|Publication number||US1050807 A|
|Publication date||Jan 21, 1913|
|Filing date||May 8, 1912|
|Priority date||May 8, 1912|
|Publication number||US 1050807 A, US 1050807A, US-A-1050807, US1050807 A, US1050807A|
|Inventors||Leonard W Chamberlain|
|Original Assignee||Leonard W Chamberlain|
|Export Citation||BiBTeX, EndNote, RefMan|
|Referenced by (7), Classifications (3)|
|External Links: USPTO, USPTO Assignment, Espacenet|
L. CHAMBERLAIN. INNER 0R SLIP SOLE. Arrtrouxo'n rmm In a, 1912.
1,050,801 Pa tentedJa1L21,1913.
min/6768196 I nven to r 'Leonard "(Chamberlain wwm W W LEONARD W. GHAMBERLAIN, 9F BQEl'I'ON, MASSACHUSETTS.
INNER OR SLIP SOLE.
Specification of Letters latent. Patented Jan, 21, 1913.
Application filed May 8, 1912. Serial No. 695,867.
To all whom it may concern:
Be it known that I, LEONARD W. Crranr BERLAIN, a citizen of the United States, and a resident of Boston, in the county of Suffolk and State of Massachusetts, have invented an Improvement in Inner or Slip Soles, of which the-following description, in
connection with the accompanying drawings, is a specification, like characters on the drawings representing like parts.
This invention relates to inner or slip soles for boots and shoes.
Attempts have heretofore been made to cushion the foot in walking as by providing an outer rubber sole or heel, and also by providing cushion insoles or inncrsoles of certain types. Many persons, however, object to rubber soles and heels, not only because they increase the liability of slipping but for other reasons. Cushioned innersoles or slip or removable soles have not been found generally acceptable, particularly when the latter are made of a soft or felt like material, as the same tends to heat the foot.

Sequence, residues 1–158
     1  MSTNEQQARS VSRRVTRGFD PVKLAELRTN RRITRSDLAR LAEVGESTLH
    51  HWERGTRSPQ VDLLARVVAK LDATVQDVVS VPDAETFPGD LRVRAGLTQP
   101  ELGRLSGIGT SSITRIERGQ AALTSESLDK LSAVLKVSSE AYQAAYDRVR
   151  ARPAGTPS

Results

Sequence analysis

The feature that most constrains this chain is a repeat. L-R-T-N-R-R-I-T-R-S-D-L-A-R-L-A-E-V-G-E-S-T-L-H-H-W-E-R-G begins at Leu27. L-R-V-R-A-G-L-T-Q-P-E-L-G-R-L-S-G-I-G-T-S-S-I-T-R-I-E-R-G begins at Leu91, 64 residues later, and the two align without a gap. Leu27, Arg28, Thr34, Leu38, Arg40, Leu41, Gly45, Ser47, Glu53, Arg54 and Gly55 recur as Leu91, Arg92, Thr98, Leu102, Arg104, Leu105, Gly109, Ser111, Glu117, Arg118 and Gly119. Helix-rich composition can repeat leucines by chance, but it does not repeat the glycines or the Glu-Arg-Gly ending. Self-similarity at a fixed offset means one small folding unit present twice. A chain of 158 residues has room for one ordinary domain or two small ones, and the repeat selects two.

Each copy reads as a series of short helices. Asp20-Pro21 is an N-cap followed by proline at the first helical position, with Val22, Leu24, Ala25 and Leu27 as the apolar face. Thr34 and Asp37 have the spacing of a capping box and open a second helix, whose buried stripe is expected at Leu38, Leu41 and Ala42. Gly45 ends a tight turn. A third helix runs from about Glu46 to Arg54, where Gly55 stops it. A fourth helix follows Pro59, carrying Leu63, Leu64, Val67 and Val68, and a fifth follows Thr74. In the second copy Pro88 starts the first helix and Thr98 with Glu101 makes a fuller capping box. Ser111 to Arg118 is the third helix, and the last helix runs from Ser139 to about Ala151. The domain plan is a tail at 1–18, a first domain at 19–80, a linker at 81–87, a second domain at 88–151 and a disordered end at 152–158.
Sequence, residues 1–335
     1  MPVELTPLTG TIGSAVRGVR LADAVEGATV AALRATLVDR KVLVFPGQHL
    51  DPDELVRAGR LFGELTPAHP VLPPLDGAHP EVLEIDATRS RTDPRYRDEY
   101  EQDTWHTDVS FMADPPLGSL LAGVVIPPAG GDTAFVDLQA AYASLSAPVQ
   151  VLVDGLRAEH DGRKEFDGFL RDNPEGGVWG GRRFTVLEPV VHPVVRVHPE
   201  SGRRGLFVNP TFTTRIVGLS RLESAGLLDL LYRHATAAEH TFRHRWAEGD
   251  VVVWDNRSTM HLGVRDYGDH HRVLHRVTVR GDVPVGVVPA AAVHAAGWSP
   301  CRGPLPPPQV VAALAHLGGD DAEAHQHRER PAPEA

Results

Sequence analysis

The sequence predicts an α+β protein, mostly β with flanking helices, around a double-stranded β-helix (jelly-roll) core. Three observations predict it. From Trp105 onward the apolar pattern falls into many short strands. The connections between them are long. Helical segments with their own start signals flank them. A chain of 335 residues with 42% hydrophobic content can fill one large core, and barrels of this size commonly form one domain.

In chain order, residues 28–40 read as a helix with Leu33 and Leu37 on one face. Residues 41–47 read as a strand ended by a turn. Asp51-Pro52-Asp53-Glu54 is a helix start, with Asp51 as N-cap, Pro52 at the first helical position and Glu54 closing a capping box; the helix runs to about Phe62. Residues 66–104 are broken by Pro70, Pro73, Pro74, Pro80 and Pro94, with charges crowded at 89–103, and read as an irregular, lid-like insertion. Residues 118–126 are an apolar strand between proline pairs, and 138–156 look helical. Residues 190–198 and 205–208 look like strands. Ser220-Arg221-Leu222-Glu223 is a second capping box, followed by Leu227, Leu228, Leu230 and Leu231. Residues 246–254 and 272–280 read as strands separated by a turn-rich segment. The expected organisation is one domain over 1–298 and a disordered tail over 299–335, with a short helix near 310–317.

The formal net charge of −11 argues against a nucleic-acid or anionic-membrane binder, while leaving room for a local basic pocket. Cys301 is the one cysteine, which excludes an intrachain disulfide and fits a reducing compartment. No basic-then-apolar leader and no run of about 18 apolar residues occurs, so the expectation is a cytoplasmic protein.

By my invention I aim to overcome these and other objections.
I have herein selected for illustration one form or embodiment thereof, and while the same is specifically described, it is to be understood that I am in no wise limited to the form shown, but that the same may be widely varied within the spirit and scope of the invention.
In the drawings: Figure 1 is a view of the under face of one form of an inner orremovable sole member or slip sole constructed in accordance with my invention; Fig. 2
bottom of the foot.
is an edge elevation thereof, inverted; and Fig. 3 is a plan vieyy of the sole member.
In the drawing, wherein like characters of reference indicate like parts, what is herein termed the upper piece is indicated at 1, the same being preferably a flat strip of suitable material such as rubber, woven fabric, rubber fabric or any other material, adapted to thepurpose. The upper piece is preferably shaped to conform to the entire To one surface of the upper piece is applied as by attaching the same in any desired manner, as by vulcanization. a cushion 2 of suitable material, preferably of rubber, it being shown as ooextensive witli the upper piece. To render the cushion very resilient and yielding, it is preferably corrugated or undulated as shown at 3 throughout the extent thereof,
the said corrugations being of a general tabulated character and preferably molded or integral with the cushion 2 which is more resilient than the upper piece 1. Thus the cushion serves to absorb the jar encountered by the foot of the wearer in walking and particularly in the heel. In the disclosed and preferred embodiment of the invention the corrugations or undulations are shown as extending transversely of the foot in a parallel direction.